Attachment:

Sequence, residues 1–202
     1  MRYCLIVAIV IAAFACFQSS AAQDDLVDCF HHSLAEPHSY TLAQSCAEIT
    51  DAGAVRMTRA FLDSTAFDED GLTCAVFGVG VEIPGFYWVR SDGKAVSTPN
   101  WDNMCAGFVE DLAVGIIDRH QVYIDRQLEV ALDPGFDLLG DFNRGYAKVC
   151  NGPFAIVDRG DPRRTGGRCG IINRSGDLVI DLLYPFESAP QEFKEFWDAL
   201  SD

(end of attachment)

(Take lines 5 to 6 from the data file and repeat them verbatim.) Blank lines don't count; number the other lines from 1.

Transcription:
   151  NGPFAIVDRG DPRRTGGRCG IINRSGDLVI DLLYPFESAP QEFKEFWDAL
   201  SD